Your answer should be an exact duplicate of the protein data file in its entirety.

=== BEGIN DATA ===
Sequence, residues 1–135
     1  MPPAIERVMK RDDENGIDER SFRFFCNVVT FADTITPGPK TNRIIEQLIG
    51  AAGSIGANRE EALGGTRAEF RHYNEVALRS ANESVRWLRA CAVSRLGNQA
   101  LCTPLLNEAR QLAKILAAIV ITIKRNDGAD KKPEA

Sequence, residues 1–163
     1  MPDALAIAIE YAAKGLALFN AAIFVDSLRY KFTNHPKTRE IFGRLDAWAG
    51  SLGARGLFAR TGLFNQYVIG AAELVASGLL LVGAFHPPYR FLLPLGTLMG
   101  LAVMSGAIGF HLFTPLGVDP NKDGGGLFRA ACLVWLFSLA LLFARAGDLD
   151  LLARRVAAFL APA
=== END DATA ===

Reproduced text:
Sequence, residues 1–135
     1  MPPAIERVMK RDDENGIDER SFRFFCNVVT FADTITPGPK TNRIIEQLIG
    51  AAGSIGANRE EALGGTRAEF RHYNEVALRS ANESVRWLRA CAVSRLGNQA
   101  LCTPLLNEAR QLAKILAAIV ITIKRNDGAD KKPEA

Sequence, residues 1–163
     1  MPDALAIAIE YAAKGLALFN AAIFVDSLRY KFTNHPKTRE IFGRLDAWAG
    51  SLGARGLFAR TGLFNQYVIG AAELVASGLL LVGAFHPPYR FLLPLGTLMG
   101  LAVMSGAIGF HLFTPLGVDP NKDGGGLFRA ACLVWLFSLA LLFARAGDLD
   151  LLARRVAAFL APA